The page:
Remember the deal struck back in June that was supposed to make the roiling issue of the complete lack of secular public education in the Edmonton-area town of Morinville go away this September, or at least simmer down until the provincial Conservatives could get another successful election out of the way?
Well, since then the deal has fallen apart.
And since then it's apparently been cobbled back together again -- sort of.
Whether or not there will actually be a secular public elementary school for the non-Catholic residents of the otherwise typically Canadian town of 8,000 about 25 kilometres north of Edmonton is supposed to be settled today. Officials of the town, the area's so-called public school board and the public school board from a neighbouring county will all get together and see if they can hammer out a lease for the local community centre.
If they manage to succeed -- and you can bet there's some pretty severe pressure from the province's Conservative government on them to do so -- there will be a place for secular students in Grades 1 to 4 to study until a collection of industrial trailers can be bolted together, likely in January 2012.
As for the rest of the town's non-Catholic students -- those would be the ones in Grades 5 to 12 -- well, if they want to study in a secular public school, their choices are still only to attend a private school or take a bus to another community.
This ridiculous and possibly illegal situation is caused because the "public school board" that runs all four schools in this rapidly growing community offers only parochial Roman Catholic education.
When parents complained about the lack of secular education in their community earlier this year, the "public" Greater St. Albert Catholic Regional Division, based 16 kilometres down the main commuter road to Edmonton, basically told them to drop dead.
Instead of doing that, however, they continued to press their increasingly nervous local Conservative politicians to do something about this outrageous situation, in which citizens in a multicultural Canadian community are forced to send their kids to religious schools run by a church that was once dominant in the region, but is no more. Judging from the coverage in the letters columns of the community press, it would be fair to say the Catholic/public board views proselytizing students as part of its mission.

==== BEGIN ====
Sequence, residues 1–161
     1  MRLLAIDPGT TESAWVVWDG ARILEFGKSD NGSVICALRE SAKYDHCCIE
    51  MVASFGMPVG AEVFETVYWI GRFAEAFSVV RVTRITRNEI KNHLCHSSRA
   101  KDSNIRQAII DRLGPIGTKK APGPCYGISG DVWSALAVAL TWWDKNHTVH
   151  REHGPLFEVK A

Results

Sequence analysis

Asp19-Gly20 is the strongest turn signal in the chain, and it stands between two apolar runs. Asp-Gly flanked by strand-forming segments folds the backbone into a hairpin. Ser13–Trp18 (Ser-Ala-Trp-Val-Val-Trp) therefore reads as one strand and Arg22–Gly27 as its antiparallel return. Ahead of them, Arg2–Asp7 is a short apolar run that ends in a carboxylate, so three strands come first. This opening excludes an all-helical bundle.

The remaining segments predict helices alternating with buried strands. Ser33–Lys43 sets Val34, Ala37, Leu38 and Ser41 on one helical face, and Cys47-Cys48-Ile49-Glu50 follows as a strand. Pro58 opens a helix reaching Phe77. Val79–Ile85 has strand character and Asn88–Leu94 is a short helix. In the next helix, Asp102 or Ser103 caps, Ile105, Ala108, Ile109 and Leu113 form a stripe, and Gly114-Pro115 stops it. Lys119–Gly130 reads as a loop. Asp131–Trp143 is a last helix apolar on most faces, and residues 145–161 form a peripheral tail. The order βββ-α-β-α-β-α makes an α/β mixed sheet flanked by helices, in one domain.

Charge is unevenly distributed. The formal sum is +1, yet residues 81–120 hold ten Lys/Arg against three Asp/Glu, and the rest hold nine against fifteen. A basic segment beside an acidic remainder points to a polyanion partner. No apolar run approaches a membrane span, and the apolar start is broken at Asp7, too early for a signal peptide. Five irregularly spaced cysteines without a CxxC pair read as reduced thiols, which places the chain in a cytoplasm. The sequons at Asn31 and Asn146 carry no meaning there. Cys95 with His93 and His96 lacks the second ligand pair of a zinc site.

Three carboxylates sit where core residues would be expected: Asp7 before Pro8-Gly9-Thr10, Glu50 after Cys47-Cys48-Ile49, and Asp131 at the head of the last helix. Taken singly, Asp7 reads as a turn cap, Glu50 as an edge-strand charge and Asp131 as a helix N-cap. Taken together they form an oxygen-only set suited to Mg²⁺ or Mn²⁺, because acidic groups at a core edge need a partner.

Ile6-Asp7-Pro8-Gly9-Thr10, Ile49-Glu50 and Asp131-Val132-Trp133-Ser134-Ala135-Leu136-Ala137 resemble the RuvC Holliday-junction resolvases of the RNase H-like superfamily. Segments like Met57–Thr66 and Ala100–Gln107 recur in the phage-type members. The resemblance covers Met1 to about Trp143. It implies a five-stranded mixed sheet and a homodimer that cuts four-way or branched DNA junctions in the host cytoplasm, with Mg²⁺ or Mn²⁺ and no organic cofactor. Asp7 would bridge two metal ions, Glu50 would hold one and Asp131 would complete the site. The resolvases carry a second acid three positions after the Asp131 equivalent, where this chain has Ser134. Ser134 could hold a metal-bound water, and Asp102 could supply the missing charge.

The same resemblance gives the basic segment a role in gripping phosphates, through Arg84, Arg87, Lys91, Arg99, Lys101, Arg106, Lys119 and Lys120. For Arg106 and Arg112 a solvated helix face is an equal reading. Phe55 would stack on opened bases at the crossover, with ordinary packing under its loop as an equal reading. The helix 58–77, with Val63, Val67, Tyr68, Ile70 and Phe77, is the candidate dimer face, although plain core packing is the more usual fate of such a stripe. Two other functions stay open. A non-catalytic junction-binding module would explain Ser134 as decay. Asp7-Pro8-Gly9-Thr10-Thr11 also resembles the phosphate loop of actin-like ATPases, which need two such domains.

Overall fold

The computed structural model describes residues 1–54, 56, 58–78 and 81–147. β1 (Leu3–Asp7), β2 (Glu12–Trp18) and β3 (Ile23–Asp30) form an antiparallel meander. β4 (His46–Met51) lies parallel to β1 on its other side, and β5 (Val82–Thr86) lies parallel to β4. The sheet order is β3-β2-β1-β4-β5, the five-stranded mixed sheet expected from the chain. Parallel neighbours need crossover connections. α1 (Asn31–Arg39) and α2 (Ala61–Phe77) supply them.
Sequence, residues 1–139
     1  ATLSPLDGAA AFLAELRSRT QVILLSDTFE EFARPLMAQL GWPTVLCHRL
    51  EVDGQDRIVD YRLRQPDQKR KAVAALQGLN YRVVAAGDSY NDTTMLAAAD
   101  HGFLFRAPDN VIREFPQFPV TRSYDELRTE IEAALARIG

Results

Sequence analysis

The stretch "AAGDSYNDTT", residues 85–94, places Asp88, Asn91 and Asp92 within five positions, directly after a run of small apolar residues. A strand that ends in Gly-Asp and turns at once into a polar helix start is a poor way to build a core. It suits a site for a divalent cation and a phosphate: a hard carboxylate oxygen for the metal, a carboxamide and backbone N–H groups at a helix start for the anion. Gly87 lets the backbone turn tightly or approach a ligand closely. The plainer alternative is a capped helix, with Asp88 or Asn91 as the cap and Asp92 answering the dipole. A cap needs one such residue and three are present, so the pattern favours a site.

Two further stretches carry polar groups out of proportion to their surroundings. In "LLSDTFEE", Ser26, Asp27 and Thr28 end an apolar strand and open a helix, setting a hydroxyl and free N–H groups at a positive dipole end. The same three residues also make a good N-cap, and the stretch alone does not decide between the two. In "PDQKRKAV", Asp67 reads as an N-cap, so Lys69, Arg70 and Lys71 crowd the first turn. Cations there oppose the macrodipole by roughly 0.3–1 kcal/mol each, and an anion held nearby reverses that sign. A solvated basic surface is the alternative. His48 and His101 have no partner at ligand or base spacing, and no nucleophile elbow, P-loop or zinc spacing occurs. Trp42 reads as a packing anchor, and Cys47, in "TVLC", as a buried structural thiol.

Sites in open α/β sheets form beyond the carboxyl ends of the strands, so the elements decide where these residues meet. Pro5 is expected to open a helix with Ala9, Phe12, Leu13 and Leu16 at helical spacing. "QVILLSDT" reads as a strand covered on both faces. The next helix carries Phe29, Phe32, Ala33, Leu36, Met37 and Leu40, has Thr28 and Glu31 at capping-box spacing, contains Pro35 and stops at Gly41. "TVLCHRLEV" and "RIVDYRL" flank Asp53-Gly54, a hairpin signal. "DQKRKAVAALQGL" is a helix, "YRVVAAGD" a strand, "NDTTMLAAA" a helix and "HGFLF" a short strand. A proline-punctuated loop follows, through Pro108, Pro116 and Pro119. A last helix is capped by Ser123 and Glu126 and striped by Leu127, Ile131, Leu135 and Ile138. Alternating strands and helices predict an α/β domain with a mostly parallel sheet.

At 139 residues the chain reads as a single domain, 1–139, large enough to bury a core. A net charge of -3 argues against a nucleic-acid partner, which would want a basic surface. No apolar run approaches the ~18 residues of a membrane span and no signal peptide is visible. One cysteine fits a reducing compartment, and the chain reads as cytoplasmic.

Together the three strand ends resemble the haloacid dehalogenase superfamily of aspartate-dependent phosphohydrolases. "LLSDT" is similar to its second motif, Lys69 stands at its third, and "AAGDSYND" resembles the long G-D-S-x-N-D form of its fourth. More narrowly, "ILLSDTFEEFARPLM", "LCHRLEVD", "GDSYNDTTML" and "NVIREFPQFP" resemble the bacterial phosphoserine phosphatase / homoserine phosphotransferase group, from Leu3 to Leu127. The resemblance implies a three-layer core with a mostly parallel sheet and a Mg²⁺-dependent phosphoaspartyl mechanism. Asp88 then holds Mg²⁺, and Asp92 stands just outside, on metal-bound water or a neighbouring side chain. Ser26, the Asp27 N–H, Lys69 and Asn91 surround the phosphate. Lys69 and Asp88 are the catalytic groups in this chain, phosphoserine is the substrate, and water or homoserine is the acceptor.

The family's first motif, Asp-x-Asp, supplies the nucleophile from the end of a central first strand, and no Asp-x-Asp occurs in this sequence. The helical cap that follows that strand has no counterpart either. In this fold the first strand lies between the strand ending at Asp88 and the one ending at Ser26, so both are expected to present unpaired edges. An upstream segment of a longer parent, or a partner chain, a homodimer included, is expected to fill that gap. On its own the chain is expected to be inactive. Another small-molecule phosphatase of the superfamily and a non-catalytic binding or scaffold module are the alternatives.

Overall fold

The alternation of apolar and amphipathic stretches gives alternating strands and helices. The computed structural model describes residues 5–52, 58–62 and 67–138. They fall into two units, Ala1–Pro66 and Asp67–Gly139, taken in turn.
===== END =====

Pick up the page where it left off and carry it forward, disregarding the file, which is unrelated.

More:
The politicians -- and in particular Alberta's remarkably pusillanimous education minister, David Hancock -- bobbed, weaved, shilly-shallied, ducked for cover and tried hard not to fork over any cash to pay for a public secular education program in Morinville. You see, what with a deficit budget and all, it turns out we citizens of the Richest Place on Earth just can't afford real public education in one town!
Conservative politicians were motivated by fear of what their further-right political challengers might say if they actually spent the money to run two parallel public school systems in the same town. And they were very frightened of what Catholic voters might do if the province did anything to upset the educational apple-cart bequeathed to this traditionally French Canadian corner of Alberta by our country's constitutional history.
The Catholic board, pretty obviously, never really had much interest in solving the problem and couldn't care less how upset non-Catholic parents were. Others who ought to have stepped in -- municipal politicians and the teachers' union (which also represents Catholic teachers) -- ducked and covered for similar reasons.